Guyanoga road dead ends at the intersection of Route 384 around mile 13.5 of the course. You will make a sharp left onto a short steep section of 384 and then make a hard right onto Voak Road. This section is a real speed stealer and can really get you out of rhythm. Try to carry some speed up the hill and through the stop sign provided no traffic is coming. They had a state trooper directing traffic so you should be ok. Also, be prepared with an appropriate gear here. I saw a few folks with chains popped off here.
The next sharp right turn onto Havens Corner Road begins a nice steep downhill section before climbing again to a sharp left turn onto Lovejoy Road after about 2 miles. The next 4 miles on Lovejoy Road and Ferguson Corners Road is a gradual downhill section that drops about 250′ total. You can gain some decent speed here.
Next, you make a sharp right onto the relatively heavy traffic of Route 14A. The turn is a bit sketchy since you have to stay inside the cones outlining the wide shoulder of 14A. This is so you don’t swing out wide into traffic. Sounded like they may have had an incident or two here. This final section seemed a bit tough for me. The next 4 miles gains about 200′ before making a very long, fast descent back into Penn Yan. This year there was a good headwind and the cars whizzing by makes you feel that much slower. My legs were getting a little stiff at this point too.
Before you know it you are whizzing down the long descent back into Penn Yan. It is fast and long! I was on a new bike this year after having a pretty bad crash earlier in the season, so I was feeling a little gun-shy. When you get to the one traffic light at the bottom of the hill, you will make a sharp right, then a left and another right back onto 54A again. Then a short, flat segment on 54A before heading back into Indian Pines park for T2.
The bike course overall was challenging, but you can still hit some good speeds. I averaged around 19.4 MPH over the 29+ mile course which took 1:31. I had a normalized average power of 216 watts which was about 86% Intensity(0.86 IF). Pretty much where I want to be for an Olympic Distance bike.
Bike Time: 1:31:27 (~19 MPH)
My 2nd transition was pretty quick taking just over a minute. The only bad thing was I forgot to put my race bib number on. I didn’t realize this until I was down the road a bit.
T2 Time: 0:01:06
The first mile of the run was my fastest even though it had the most vert of all the mile splits. I was also trying to figure out where my run legs were and get the “bike” out of them, I was running about an 8:00/mi pace and this kind set the rhythm for the rest of the run. The next two miles on West Lake Road is really flat and provide nice views of the lake in between all the vacation homes on the shore. I settled into 8-8:15/mi pace for most of the next two miles before hitting the next uphill before going left on Central Ave at the end of mile 3. One on Central you begin descending down to the lowest point and then climbing out to the turnaround and start of mile 4.
During most of the run, I had a guy on my heels running in synch with me. He actually said I hope you don’t mind me running right behind you like this. It definitely kept me pushing myself and the constant cadence was right in step with mine. I ended up letting him go by me around mile 4 because I needed to take a gel in and it slowed me down just a bit. Funny thing was he looked like he could have been my brother. My in-laws actually thought he was me when he came down the finish chute. He ended up finishing about a minute ahead of me.
Mile 4 is a tough section of the course. This occurs right at the turnaround from Keuka College and then make your way out of that hole. Once back on West Lake Rd, it is nice and flat cruising until right before you come up to turn right on 54A again. As I was heading down 54A, I saw the pink top of my wife Denise coming towards me. One of her goals was to get out on the run before I finished. So she was probably now relieved to have accomplished that even. She was cutting it close I was on my last mile. Any we had a fly-by race kiss and went on our way.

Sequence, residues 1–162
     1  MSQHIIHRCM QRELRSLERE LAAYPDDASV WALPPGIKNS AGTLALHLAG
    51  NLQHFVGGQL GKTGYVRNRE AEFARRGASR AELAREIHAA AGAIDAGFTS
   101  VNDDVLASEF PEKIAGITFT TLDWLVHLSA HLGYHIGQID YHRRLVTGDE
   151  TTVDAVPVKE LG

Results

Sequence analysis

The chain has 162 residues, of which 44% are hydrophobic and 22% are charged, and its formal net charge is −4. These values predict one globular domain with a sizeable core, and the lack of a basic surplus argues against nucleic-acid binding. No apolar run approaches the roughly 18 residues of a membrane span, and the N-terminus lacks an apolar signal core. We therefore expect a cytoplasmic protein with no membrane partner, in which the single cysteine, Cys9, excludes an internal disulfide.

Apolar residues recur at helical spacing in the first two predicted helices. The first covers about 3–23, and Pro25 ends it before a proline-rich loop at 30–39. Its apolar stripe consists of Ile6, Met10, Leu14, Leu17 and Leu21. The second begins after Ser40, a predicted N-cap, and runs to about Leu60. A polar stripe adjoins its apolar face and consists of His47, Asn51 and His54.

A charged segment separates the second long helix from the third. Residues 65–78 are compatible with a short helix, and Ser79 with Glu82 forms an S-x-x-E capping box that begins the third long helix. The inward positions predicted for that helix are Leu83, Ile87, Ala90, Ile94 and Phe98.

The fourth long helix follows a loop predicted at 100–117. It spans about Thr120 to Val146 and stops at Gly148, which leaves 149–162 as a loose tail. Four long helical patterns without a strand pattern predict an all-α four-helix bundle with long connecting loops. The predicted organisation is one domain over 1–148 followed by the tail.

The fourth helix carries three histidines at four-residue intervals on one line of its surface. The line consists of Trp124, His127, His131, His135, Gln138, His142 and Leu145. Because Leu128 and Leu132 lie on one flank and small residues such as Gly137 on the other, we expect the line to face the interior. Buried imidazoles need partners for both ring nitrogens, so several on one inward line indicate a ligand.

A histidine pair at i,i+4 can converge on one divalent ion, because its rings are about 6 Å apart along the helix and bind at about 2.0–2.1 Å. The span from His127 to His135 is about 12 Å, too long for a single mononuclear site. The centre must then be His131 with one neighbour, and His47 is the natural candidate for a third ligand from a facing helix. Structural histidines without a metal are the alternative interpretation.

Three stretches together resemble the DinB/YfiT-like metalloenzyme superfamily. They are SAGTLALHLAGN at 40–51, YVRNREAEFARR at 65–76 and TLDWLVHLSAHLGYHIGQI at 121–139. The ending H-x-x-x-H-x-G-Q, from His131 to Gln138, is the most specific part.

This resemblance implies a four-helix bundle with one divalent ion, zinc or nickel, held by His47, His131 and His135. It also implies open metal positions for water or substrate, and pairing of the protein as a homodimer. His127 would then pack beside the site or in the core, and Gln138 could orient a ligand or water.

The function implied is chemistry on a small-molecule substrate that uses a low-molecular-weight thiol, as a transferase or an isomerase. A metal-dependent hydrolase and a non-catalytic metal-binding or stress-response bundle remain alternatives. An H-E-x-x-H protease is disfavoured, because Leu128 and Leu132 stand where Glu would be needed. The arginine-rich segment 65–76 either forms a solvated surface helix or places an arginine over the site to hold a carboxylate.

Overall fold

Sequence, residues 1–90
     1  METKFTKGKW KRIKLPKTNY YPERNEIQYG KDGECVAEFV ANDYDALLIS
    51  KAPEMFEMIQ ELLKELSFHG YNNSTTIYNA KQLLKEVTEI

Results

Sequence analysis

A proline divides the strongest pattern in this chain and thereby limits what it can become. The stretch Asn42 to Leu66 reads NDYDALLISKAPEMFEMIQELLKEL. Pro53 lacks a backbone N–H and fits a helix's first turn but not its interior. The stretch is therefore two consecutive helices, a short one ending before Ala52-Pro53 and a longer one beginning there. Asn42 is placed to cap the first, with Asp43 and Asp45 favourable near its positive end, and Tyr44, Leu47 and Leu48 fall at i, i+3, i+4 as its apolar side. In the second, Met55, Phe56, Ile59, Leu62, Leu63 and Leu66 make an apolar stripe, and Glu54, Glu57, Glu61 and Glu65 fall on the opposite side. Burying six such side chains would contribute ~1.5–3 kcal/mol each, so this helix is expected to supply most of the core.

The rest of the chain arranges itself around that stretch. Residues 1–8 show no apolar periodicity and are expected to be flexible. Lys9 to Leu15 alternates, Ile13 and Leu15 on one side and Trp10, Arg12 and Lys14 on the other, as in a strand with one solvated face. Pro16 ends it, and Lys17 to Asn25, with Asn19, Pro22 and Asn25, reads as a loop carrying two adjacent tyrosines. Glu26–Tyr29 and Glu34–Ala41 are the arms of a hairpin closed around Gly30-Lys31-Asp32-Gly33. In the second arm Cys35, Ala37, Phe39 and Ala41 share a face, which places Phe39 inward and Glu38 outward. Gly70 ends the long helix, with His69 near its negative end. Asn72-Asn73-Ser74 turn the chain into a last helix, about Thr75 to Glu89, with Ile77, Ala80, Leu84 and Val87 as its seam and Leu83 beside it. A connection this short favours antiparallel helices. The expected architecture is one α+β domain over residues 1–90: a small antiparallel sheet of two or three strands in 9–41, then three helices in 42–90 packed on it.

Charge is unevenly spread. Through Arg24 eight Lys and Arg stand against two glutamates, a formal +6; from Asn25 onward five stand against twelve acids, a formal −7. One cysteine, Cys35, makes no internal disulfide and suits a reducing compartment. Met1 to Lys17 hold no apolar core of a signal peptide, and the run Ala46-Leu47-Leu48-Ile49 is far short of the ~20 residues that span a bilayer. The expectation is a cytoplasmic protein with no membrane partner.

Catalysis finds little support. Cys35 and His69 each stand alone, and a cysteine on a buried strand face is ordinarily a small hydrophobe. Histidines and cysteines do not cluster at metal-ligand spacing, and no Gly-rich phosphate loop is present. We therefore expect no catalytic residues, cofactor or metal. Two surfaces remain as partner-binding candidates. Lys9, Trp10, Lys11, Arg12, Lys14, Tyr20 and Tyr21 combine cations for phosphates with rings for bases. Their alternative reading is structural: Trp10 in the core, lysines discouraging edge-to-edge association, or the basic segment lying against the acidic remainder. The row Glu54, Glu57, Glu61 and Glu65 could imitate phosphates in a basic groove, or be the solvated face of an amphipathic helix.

The final mile of the race is all downward grade after making the right turn onto 54A. The final right turn into Indian Pines runs you back through the little homes that line the road. There was still some bike and other traffic coming out the other way. Pretty soon the large finisher arch comes into view. There were a few spectators lining the finish chute, but nowhere close to an WTC event. Pretty low key. They do actually announce your name.
Run Time: 0:54:16
Finish Time: 3:00:38 (Results Here…)
The finish was pretty anti-climatic. You had to walk over to the race “Queen” to be knighted and then a volunteer fished your finish medal out of a bag. While I was waiting for Denise to finish, I was chatting with my in-laws and checking the latest scoring printout.
Eventually, Denise came through for her finish. I think she was a bit underwhelmed by the finish line fanfare or lack of, but she really enjoyed the race. I could tell she may want to something a little more challenging in the future. Perhaps a half-iron of some sort?
Denise ended up finishing 3rd in her age group with a time of 3:54:18. Not bad for someone who is just enjoying being out there and not pushing herself too hard. I ended up finishing 2nd again in my age group. The guy in first was about 9-10 minutes ahead of me, so I wasn’t really close to finishing on top. The biggest disappointment with this race was there was no medal, trophy, etc for placing on podium. Just a piece of paper saying you finished in whatever place. Kind of lame really.
The finishers medals were pretty lame as well and I would they should have skipped the “participation” medal and just given to the podium folks. That’s not just because I was on the podium either. I have more finishers medals than I know what to do with. If you are going to give something out like that make it worthwhile.
Just some overall impressions on the race. I think they do a pretty good job on the race. There is a few things they can improve on like changing the time of the pre-race meeting and getting to the point of what people want to know. Post-race food was kind of lame. They had the local fire co. cooking sausage and hamburgers which you had to pay extra for. I don’t think most of the people doing this race we really into heavy junk food like that. Especially if you have pay for it too. Maybe just get some pizzas or something would be better. The firemen were not getting much business.
There was also not many kayakers or safety folks on the swim. They made it sound like there would be a ton, but it was rather sparse. Comparing this race to Steelman, which I did the week prior, it was a lot less organized. Regardless, I would consider trying it again. I love swimming in Keuka Lake and the course is pretty nice.